A new study by Harvard and Esri researchers has determined that air quality has generally improved across the US since 2000. But it has not improved equally for everyone – namely Black, Asian, Latinx, and low-income populations.
The results show that diminished air quality is common in low-income and ethnically diverse ZIP codes suggesting environmental injustice could be a key reason for air quality disparities. Areas where people have fewer tools and money to fight injustice result in a lack of enforcement, regulation, and remediation.
The maps above show air quality levels for primarily Black ZIP codes (right) and primarily white ZIP codes (left). The top maps show PM2.5 levels in the year 2000, while the bottom maps show PM2.5 levels in the year 2016. Notice how, between the years 2000 and 2016, majority-Black ZIP codes saw air quality improve from less healthy red levels to acceptable lime green levels. Meanwhile, majority-white ZIP codes saw air quality improve from red to the optimal dark green levels, marking the most significant air quality improvement. In 2016, the average PM2.5 concentration for the Black population was 13.7% higher than that of the white population. These maps show that while air quality is improving overall across the US, the rate of improvement is not equal and varies based on the racial makeup of an area.
Similar disparities were observed when comparing income-level. The maps above show PM2.5 levels for low-income communities (right) and high-income communities (left). The tops maps show PM 2.5 levels for the year 2000 and the bottom maps show PM2.5 levels for the year 2016. Notice that, between the years 2000 and 2016, air quality in low-income communities improved from being in the dangerous red range to the acceptable lime green range. Meanwhile, air quality in high-income communities improved from the dangerous red range to the optimal dark green range, making the amount of improvement much greater for high-income communities. While air quality did improve for both communities, these maps suggest that the income of a ZIP code plays a strong role in the amount of air-quality remediation an area receives.
Even as air quality is improving, it is not improving equally for all people.
Most notably, the results also show that as the Black population increased within a ZIP code, the amount of PM 2.5 particles also increased. This was especially true in ZIP codes where more than 85 percent of the population was Black, with a similar trend observed for Latinx populations. However, the opposite trend was observed for predominantly white ZIP codes. As the white population increased in a ZIP code, the amount of PM2.5 in the air decreased.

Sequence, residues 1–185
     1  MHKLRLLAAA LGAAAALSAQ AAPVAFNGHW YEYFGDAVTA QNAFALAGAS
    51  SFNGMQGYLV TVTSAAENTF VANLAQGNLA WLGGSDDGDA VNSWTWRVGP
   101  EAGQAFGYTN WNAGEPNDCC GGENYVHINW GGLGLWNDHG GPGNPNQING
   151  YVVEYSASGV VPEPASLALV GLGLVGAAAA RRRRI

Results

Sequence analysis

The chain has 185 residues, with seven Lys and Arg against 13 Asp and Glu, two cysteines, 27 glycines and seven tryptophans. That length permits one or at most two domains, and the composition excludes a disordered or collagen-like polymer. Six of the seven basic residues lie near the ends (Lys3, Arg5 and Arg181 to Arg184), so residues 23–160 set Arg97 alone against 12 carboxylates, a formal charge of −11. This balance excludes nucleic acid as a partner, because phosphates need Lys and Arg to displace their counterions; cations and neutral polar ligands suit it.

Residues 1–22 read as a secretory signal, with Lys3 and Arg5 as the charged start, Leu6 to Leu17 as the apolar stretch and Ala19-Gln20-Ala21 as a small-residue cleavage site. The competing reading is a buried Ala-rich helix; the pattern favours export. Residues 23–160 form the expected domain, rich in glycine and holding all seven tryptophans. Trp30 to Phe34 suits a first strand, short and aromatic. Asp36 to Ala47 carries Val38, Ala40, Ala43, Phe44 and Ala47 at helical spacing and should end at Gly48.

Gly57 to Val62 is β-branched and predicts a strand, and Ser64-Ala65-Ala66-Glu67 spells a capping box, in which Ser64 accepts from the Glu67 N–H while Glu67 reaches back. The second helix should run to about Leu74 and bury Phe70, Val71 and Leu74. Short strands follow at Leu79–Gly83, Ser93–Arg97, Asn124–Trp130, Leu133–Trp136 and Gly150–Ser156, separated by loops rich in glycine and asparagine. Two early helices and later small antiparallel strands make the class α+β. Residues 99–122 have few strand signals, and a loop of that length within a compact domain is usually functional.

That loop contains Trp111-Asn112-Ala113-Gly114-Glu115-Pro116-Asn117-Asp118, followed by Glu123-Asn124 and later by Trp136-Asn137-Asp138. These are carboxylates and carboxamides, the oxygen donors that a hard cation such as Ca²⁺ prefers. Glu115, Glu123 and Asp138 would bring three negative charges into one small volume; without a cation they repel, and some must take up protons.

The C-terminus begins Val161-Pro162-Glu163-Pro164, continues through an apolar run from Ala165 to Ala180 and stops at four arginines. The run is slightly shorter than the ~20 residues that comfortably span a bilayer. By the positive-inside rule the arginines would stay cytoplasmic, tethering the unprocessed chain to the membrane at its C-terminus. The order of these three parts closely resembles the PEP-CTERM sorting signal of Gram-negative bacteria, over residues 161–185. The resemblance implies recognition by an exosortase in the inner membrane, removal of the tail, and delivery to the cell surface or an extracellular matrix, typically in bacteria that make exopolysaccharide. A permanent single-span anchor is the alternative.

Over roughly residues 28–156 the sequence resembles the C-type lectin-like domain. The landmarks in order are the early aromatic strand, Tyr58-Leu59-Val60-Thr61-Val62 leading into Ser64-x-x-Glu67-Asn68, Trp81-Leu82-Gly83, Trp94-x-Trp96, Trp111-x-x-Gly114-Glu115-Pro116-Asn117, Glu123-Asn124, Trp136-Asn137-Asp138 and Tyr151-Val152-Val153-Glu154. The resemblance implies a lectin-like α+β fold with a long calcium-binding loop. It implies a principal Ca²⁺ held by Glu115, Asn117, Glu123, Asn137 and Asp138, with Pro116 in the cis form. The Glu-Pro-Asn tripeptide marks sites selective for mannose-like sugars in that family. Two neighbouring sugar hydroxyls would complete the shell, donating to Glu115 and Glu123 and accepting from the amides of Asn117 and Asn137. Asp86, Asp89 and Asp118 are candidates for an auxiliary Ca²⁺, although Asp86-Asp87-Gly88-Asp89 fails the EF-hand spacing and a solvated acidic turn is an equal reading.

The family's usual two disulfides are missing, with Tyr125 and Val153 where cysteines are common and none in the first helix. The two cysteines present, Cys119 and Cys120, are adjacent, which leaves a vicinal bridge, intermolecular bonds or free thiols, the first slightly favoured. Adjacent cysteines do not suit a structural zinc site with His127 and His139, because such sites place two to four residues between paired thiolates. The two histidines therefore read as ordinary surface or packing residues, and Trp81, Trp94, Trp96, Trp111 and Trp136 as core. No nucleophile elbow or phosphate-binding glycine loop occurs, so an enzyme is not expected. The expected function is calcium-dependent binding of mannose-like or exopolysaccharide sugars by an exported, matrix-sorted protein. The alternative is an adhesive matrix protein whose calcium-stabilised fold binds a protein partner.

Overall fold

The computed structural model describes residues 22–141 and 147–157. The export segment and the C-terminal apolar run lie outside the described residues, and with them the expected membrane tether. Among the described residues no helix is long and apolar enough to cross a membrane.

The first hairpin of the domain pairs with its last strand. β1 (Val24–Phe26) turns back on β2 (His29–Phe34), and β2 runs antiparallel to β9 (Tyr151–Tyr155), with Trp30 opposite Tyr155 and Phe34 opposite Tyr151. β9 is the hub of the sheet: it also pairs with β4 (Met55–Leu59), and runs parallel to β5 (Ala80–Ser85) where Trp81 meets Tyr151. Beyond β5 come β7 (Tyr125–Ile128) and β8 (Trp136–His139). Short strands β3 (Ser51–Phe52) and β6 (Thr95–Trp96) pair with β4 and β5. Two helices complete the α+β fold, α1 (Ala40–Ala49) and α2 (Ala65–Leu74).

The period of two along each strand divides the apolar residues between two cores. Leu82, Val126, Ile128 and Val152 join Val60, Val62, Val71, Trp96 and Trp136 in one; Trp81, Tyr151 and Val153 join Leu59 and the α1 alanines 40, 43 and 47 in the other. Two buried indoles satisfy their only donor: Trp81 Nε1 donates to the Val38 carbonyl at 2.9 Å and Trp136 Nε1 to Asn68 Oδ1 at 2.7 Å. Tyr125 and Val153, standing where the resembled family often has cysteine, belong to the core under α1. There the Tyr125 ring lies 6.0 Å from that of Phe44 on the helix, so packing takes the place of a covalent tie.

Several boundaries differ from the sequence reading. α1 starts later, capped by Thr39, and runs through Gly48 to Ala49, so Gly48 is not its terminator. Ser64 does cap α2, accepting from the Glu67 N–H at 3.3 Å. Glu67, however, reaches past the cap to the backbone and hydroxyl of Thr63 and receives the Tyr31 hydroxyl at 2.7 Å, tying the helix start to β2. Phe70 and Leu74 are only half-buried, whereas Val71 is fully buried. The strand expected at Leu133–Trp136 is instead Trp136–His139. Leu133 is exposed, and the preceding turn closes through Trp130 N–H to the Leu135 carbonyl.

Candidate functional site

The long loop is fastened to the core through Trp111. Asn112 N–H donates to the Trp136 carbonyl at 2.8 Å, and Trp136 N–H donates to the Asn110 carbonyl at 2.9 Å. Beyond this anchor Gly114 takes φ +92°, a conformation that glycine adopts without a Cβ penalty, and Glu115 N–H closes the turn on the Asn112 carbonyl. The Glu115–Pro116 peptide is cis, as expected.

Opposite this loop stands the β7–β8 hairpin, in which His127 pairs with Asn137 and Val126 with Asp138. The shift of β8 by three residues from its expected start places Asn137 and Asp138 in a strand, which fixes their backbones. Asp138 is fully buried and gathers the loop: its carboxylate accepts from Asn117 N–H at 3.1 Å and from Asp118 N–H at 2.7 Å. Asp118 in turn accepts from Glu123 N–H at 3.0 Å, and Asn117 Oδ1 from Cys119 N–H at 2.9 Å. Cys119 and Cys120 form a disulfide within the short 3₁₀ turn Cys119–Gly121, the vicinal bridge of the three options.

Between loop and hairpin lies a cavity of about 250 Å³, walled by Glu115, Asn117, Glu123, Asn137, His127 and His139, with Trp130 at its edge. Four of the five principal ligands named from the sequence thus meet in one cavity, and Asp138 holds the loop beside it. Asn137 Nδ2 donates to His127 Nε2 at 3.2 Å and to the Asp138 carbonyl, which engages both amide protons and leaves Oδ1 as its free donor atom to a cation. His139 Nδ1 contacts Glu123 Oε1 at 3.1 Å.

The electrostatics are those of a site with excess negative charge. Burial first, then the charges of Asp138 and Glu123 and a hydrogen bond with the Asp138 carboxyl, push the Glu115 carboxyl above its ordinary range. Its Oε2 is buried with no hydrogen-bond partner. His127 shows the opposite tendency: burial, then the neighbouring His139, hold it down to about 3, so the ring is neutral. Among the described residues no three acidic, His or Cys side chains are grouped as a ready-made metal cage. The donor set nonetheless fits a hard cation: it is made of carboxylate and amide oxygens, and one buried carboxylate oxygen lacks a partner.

Dominici said seeing the disparities on maps was key to helping readers of the study understand the dire situation, pointing to the partnership with Esri as being particularly helpful.
“By working with Esri, not only have we kept this paper at a very high level of scientific rigor, which is important, we have also taken many steps forward by being able to communicate and visualize our results,” she said.
Anyone can capture the disparity pattern easily from our maps and animations.
The study was created to be easy to understand for all people, rather than being statistically complicated, Dominici explained.
“The more accessible we make our results, the higher the impact they’re going to have. It’s not about pointing fingers or agreeing and disagreeing. It’s about being able to visualize and see. Look at the data,” she said, throwing up her hands in emphasis.
Dominici urged people with a GIS and statistics background to download the data and look at the code, which will allow them to see step-by-step what was done and potentially apply the team’s methodology to other situations, “not only in the context of air pollution but also in the context of weather, pesticides, climate change, and more.” In addition to open access to the team’s code, supplemental videos are available that show how the team created each map. The study’s code and data can be found here.
“People that live in both clean-air areas and dirty-air areas, now have the visualization of maps combined with a peer-reviewed paper in Nature to advocate for change,” said Dominici. “By keeping the study simple, everyday people can engage with the figures and use them to push for targeted legislation in their area.”
The data can also be downloaded, and individuals can look up their ZIP code to see the disparities in their own community.
“It’s really about mobilizing the entire community to advocate for change,” said Dominici.